Surface flaws were more evident in microcapsules with a material:diet ratio of 1:1 and 34 percent whey protein content. The microcapsules had a more spherical shape and smooth, uniform surface and internal structures with a biopolymer wall blend with 80 percent protein content.

Diet fat distribution was more uniform and homogeneous in the microcapsules with higher protein content. However, the proportion of mesquite gum in the blend was important in achieving better fat distribution and smaller particle size in the internal matrix. This was more noticeable with the biopolymer blend made of 25 percent whey protein and 75 percent mesquite gum, suggesting a synergy between the biopolymers evidenced by the more compact structure observed in Fig. 3.

Fig. 2: SEM micrograph shows the morphology of treatment 25 WPC80-75 MG with a wall material:diet ratio of 2:1.

Milk whey proteins are known to possess highly flexible lateral chains that contain polar and nonpolar moieties, the latter favoring their absorption at oil-water interfaces. On the other hand, the emulsifying properties of mesquite gum relate to its small protein content, covalently attached to the macromolecule polysaccharide hydrophilic chains that complement the interfacial action of the milk whey proteins.

Particle size

Mean volumetric particle size of the microcapsules varied widely at 3-40 mm. Variation was less when the wall material:diet ratio was 1:1 versus 2:1, possibly due to the thicker interfacial adsorbed layers formed around the diet particles, and in particular when 80 percent whey protein:mesquite gum (WP-80:MG) molecules interacted.


The best microcapsule buoyancy was found with WP-80:MG in a 2:1 wall material:diet ratio. The characteristic floatability time constants fluctuated between 68.03 minutes for blend 75 WP-80:25 MG and 139.89 minutes for 25 WP-80:75 MG.

Microcapsule density

The density of the microcapsules varied 0.444-0.667 grams per cm3. The wall material:diet ratio did not influence microcapsule density.

Water absorption

The results indicated a variation between 8.11 (for blend 25 WP-80:75 MG, ratio 2:1) and 13.53 (50 WP-80:50 MG, ratio 2:1) g of water adsorbed per 100 g sample.


Fig. 3: SEM micrograph shows sectioning of treatment 25 WPC80-75 MG with a wall material ratio of 2:1.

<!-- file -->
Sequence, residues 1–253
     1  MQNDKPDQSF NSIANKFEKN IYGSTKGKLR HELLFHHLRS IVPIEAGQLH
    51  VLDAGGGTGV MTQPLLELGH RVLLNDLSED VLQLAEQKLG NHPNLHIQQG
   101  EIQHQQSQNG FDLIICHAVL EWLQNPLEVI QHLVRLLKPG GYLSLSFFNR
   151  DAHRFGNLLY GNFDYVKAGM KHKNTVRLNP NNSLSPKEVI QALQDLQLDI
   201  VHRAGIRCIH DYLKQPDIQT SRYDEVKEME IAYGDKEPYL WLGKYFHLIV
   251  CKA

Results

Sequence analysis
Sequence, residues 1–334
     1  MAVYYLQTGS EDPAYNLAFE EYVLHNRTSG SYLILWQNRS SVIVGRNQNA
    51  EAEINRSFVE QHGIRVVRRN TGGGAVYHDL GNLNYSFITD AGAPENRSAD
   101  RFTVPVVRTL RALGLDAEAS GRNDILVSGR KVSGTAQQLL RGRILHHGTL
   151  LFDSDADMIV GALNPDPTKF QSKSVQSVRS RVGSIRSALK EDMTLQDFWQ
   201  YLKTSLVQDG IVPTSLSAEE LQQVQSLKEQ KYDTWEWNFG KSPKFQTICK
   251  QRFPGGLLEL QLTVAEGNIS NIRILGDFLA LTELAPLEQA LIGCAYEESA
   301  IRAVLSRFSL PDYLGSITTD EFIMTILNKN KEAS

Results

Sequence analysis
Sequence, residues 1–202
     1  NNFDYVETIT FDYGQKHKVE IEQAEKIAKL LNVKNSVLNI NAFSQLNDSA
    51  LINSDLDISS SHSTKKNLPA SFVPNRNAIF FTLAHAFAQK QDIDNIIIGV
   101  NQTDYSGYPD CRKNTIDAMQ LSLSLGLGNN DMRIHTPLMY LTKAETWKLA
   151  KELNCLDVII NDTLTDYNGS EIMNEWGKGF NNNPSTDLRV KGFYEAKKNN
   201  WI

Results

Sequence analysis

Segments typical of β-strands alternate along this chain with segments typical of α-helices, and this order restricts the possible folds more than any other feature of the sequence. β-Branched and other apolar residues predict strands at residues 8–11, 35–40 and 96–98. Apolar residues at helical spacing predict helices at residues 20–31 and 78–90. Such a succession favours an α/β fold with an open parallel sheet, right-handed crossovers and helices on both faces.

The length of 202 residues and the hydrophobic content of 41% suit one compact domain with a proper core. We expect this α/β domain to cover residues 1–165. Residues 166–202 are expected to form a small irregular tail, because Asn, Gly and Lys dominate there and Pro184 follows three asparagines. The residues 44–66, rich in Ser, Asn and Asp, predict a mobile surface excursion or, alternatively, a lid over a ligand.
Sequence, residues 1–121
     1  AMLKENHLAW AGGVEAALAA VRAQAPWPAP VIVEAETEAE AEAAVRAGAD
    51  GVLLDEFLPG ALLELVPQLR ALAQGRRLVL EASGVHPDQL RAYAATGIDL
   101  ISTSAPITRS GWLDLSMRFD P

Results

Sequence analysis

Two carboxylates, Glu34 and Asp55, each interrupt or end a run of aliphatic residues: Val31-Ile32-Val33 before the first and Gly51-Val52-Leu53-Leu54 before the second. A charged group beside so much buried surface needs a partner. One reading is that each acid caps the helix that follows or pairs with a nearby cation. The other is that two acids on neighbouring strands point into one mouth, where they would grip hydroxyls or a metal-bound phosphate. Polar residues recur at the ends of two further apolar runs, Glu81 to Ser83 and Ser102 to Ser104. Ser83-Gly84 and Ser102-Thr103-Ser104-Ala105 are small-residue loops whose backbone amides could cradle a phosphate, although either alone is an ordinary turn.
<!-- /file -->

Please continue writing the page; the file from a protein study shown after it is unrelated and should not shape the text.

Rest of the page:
The microcapsule showing the best overall physical properties (mean volumetric particle size of 11.88 mm, density of 0.571 grams per cm3, buoyancy characteristic time 139.89) and morphological and microstructural properties was obtained with a 25 WP-80:75 MG blend in a wall material:diet ratio of 2:1. Selected for bioassay, its proximal composition was 16.32 percent crude protein, 3.54 percent crude fat, 3.73 percent crude fiber, 5.7 percent moisture, and 70.71 percent free nitrogen extract.

The bioassay results are presented in Table 2. The microencapsulated diet had an individual dry weight equivalent to the live control, and both were significantly higher than those of the three commercial diets. However, shrimp survival rate for the microencapsulated diet was 29.5 percent – equal to that of two commercial diets – while the live diet yielded 69.9 percent survival.

Carapace length measurements for the microencapsulated and commercial diets varied 0.72 to 0.81 mm, with no significant differences. Similar results were determined for the development and metamorphic indexes. The performance index varied 58 to 145.3. The highest value was shown by the live diet, followed by a commercial diet and the microencapsulated diet.

Pedroza-Islas, Results (mean value and SE) of larviculture test, Table 2

Dry Weight (mg)
Length (mm)
Index (%)
25 WP-80:75 MG32.9 (5.8)a29.5 (3.6)a0.73 (0.0)ab3.3 (0.08)a32.3 (7.7)a76.9 (5.6)ab
Commercial brand 126.4 (2.1)b73.2 (5.1)c0.72 (0.02)a3.5 (0.05)a50.3 (4.6)ab98.1 (4.6)bc
Commercial brand 220.0 (0.0)c40.0 (4.9)ab0.76 (0.01)ab3.2 (0.03)a26.4 (1.4)a58.0 (4.0)a
Commercial brand 320.4 (0.4)c41.8 (8.3)abc0.75 (0.04)ab3.1 (0.31)a24.6 (4.6)a68.6 (9.9)a
Control33.3 (2.9)a69.6 (9.3)c0.81 (0.02)b4.2 (0.04)b96.8 (2.7)b145.3 (1.5)d
Table 2. Results (mean value and SE) of larviculture test for Litopenaeus vannamei fed different diets. Control was C. muelleri maintained at 100 cells/ml/day.


The microencapsulation of artificial diets for shrimp larvae with biopolymer blends of whey protein-mesquite gum can provide functional feeds that compete favorably with commercial diets, but still fall short of the efficiency produced by live diets. Future work should contemplate the use of higher WP:MG proportions in the wall material blend, or the use of whey protein isolate (which has higher protein content) in conjunction with mesquite gum as the wall material.

Note: Cited references are available from the authors.

(Editor’s Note: This article was originally published in the December 2002 print edition of the Global Aquaculture Advocate.)